Herschel Space Observatory Calibration Workshop #2

Herschel poster

6-8 February 2008, CSIC, Madrid, Spain


The Herschel Space Observatory is the fourth cornerstone mission in the ESA science "Horizon 2000" plan. It will carry a 3.5 meter passively cooled telescope, and will perform imaging photometry and spectrometry in the far-infrared and submillimetre part of the spectrum, covering the 55-672 micrometres range. The science payload consists of three instruments which will be provided by consortia led by Principal Investigators: The Heterodyne Instrument for the Far-Infrared, HIFI, whose PI is Th. de Graauw, SRON, Groningen, The Netherlands; the Photodetector Array Camera and Spectrometer, PACS, whose PI is A. Poglitsch, MPE, Garching, Germany; and the Spectral and Photometric Imaging REceiver, SPIRE, whose PI is M. Griffin, Cardiff University, UK. Herschel is the first space facility dedicated to the submillimetre and far-infrared, and will be operated as a multiuser astronomical observatory that will provide observation opportunities to the entire astronomical community. The launch is scheduled for 31 October 2008.

On 1-3 December 2004, the first Herschel Space Observatory Calibration Workshop was held in Leiden, the Netherlands. The workshop was the starting point for a number of projects and collaborations on the observation and modelling of astronomical sources that will be used in the calibration of the Herschel instruments. Now, within months of the planned launch date, the time is right to review the progress made since the previous workshop, to agree on the astronomical calibrators baseline, and to identify the next steps. It is with this purpose that the Herschel Space Observatory Calibration Workshop #2 was held on 6-8 February 2008 at CSIC (Madrid). The workshop counted on the participation of observers and modellers working on astronomical objects relevant for Herschel calibration, and of calibration scientists from Herschel and other far-infrared and submillimetre observatories.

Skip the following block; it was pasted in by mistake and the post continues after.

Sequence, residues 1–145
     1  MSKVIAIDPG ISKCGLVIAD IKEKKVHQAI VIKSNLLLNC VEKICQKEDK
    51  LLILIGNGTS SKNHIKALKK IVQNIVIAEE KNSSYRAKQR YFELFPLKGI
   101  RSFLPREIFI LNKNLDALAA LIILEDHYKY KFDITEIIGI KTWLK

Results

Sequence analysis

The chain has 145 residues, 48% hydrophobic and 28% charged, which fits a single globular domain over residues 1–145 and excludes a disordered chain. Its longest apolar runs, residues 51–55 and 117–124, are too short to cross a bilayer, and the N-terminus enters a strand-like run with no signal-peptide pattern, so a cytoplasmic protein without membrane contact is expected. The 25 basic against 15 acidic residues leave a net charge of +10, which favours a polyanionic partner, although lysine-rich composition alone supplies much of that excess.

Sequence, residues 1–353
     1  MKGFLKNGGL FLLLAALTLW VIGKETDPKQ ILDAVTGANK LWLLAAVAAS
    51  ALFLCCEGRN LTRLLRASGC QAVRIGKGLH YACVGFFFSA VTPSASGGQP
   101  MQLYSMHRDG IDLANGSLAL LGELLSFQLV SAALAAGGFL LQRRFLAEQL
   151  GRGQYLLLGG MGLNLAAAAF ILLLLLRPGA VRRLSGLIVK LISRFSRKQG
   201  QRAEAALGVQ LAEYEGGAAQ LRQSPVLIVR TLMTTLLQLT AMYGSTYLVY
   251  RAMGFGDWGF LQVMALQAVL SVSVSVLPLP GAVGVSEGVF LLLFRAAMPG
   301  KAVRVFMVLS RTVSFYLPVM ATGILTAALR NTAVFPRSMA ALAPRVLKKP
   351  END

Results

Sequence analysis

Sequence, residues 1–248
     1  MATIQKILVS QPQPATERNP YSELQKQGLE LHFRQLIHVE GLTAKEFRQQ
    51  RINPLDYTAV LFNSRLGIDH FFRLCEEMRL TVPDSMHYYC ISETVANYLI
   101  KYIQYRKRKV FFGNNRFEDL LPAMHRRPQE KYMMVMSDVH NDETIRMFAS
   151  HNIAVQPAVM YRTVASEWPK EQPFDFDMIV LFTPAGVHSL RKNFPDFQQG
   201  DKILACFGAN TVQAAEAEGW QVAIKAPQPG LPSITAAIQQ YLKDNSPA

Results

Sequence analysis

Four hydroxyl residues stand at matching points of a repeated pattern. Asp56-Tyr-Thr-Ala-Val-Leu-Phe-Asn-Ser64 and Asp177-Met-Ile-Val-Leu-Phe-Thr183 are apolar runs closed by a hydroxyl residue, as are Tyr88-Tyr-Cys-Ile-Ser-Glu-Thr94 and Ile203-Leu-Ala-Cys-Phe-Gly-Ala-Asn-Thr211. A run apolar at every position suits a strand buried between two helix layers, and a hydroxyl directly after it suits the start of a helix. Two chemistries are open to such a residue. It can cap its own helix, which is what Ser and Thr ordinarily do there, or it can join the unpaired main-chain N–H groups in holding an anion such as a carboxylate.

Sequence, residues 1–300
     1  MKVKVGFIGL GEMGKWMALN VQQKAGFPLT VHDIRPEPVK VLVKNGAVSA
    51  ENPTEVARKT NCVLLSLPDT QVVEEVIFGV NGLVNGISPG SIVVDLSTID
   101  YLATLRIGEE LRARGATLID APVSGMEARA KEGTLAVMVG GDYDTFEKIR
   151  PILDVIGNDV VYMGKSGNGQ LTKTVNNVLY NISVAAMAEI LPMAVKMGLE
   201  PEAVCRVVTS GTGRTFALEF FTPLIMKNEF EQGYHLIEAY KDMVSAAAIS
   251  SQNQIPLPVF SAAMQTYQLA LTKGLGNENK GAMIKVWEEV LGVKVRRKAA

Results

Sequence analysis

The objectives of the Herschel Calibration Workshop #2 are:

  • To report and review the progress made since the Herschel Calibration Workshop #1, on the modelling and observations of the astronomical calibration sources relevant for Herschel.
  • To establish the baseline set of calibration sources and corresponding models to be adopted as primary and secondary standards.
  • To facilitate the identification of further requirements on models and preparatory observations of the baseline astronomical calibration sources, such that the anticipated Herschel calibration accuracies can be achieved.
  • To define which Herschel observations are required to improve the models of the baseline astronomical calibration sources, so that these observations can become part of the instrument calibration plans.
  • To provide information to Herschel collaborators on the status of the Herschel satellite and of the instrument calibration activities.
  • To gather up to date information on areas that may have an impact on calibration (e.g., confusion noise).
  • To facilitate the exchange of information and experience, and promote collaborations between calibration scientists from far-infrared and submillimetre observatories.

Workshop output

The output of the workshop are the abstract book, the viewgraphs from the presentations, and a compilation of the requirements, actions and future steps as identified during the sessions and splinters.


The meeting was organized and led by the Herschel Calibration Steering Group. Contact points are:

  • Joris Blommaert (KUL, Belgium)
    Pedro García-Lario (ESA/RSSD, Spain)
    Matt Griffin (Cardiff University, United Kingdom)
    Peter Hargrave (Cardiff University, United Kingdom)
    Ana Heras (ESA/RSSD, The Netherlands)
    Carsten Kramer (Universität zu Köln, Germany)
    Sarah Leeks (ESA/RSSD, Spain)
    Tanya Lim (RAL, United Kingdom)
    Anthony Marston (ESA/RSSD, Spain)
    Raphael Moreno (Observatoire de Paris, France)
    Göran Sandell (NASA, USA)
    Bernhard Schulz (Caltech/IPAC, USA)